It was a campaign which was a marked improvement on recent efforts – especially for the tournament’s most successful club – and the fact that they lie fourth in the Top 14 is testament to an improved season.
Toulouse do move the ball, and efficiently too, with Gael Fickou set to deputise for Wesley Fofana in the 6 Nations and the evergreen Yohann Huget cannot be stopped in even the tightest of games based on his performances during the pool stages.
However, the real source of their power comes from a giant pack. Cyril Baille, Christoper Tolofua and Census Johnston shoved the Connacht and Wasps front rows at will on their own patch and will present the Munster front row with the strongest test of their season so far.
The lock pairing of Richie Gray and Yoann Maestri has also subdued more athletic pairings this year to boot and if Theirry Dusatoir makes it to Thomond Park then there should be an epic clash.
Visiting Munster is a task like no other in Europe at the moment, but the away record of Toulouse’s shows they’re not far away and that here is not a lot for them to fear; They should have won at Wasps, had the better of the pack at Connacht, and in the Top 14 they pushed Clermont as hard as any side have at the Marcel Michelin this season.
However, going against a side with arguably Europe’s best pack on their own turf could be the difference maker; Don’t count them out.
Route: Quarter Final 4: Away at v (1) Clermont
Semi-Final 1: Likely home country advantage v winner of QF2 (Leinster Rugby v Wasps), but would be travelling to Wasps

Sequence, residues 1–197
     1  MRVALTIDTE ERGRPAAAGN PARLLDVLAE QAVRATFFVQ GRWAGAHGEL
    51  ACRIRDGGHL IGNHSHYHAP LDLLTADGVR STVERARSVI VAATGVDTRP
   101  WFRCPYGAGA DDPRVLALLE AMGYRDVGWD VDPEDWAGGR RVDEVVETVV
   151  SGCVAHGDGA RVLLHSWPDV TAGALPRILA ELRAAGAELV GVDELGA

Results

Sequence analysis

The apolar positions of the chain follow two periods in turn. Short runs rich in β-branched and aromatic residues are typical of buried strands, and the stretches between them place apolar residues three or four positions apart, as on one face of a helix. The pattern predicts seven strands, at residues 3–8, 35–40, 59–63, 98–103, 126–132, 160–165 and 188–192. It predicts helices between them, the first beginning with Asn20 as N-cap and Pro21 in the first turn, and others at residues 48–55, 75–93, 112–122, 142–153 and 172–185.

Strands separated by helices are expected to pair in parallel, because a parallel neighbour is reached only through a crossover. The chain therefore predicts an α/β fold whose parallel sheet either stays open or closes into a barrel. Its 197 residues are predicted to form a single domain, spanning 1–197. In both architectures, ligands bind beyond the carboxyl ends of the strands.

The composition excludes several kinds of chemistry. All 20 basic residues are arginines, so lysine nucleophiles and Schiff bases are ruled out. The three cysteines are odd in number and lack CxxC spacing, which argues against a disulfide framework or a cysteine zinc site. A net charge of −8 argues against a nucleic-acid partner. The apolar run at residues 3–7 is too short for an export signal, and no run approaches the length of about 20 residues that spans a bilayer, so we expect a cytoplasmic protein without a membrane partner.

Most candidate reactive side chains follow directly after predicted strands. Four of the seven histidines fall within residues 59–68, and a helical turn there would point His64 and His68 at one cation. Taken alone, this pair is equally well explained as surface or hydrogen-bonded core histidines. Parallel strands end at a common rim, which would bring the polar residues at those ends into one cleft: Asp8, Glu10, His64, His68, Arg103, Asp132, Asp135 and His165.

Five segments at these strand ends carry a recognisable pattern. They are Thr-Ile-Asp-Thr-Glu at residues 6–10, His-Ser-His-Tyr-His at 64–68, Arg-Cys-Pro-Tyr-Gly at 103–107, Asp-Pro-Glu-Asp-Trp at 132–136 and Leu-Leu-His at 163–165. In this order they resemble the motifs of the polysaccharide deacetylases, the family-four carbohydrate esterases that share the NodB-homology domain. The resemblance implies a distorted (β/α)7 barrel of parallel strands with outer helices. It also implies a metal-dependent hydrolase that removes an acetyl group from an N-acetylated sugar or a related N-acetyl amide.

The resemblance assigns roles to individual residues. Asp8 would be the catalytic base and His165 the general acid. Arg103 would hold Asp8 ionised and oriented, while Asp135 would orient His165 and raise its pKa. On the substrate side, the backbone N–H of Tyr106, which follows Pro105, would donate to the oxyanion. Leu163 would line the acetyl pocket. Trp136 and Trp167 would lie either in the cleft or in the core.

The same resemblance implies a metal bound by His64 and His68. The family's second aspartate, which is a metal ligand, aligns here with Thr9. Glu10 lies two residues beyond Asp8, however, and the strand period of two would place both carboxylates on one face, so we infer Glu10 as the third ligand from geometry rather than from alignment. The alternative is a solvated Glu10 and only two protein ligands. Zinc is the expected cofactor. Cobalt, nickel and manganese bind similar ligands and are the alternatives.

Strengths: A huge pack; Masses of experience; Leigh Halfpenny
Weaknesses: Inability to convert, and sometimes create chances; Not as speedy as others
The side that made the trophy their own after Leinster is still packing a punch. Toulon scraped through by the skin of their teeth, going through second behind Saracens, and they have landed themselves an extraordinarily difficult task in travelling to Clermont.
Mike Ford’s men have been in transition during the early part of this season and their chances are very much reliant on which Toulon turns up. The giant side that warm wrestled Saracens to the very last minutes on Saturday would concern any side, especially given that they were unlucky not to draw given Joshua Tusiova’s remarkable ball drop in the first half.
However, if the same Toulon that was trashed at Clermont in December happen to turn up – unlikely with so much on the line – then they will be given short shrift.
The return of Matt Giteau and Bryan Habana to proceedings has been a shot in the arm for their creative prospects although at times they have struggled to create the clear openings that other quarter finalists, their hosts namely, seem to do so with ease. The skill and power of Ma’a Nonu is a gamebreaking asset whilst the boot of Leigh Halfpenny, assuming he makes it through the 6 Nations, can keep them in touch.
However, going through the forwards solely has rarely proven good enough to beat Clermont, especially at the Marcel-Michelin, where Clermont have lost just nine times in the history of the tournament, and only twice since 2012, and a new gameplan may have to be found. Beat Clermont and a home semi is still not guaranteed with Wasps and Leinster surely to be close in Dublin, making the road to Scotland arduous.
Any thoughts? Disagreements? Something missed?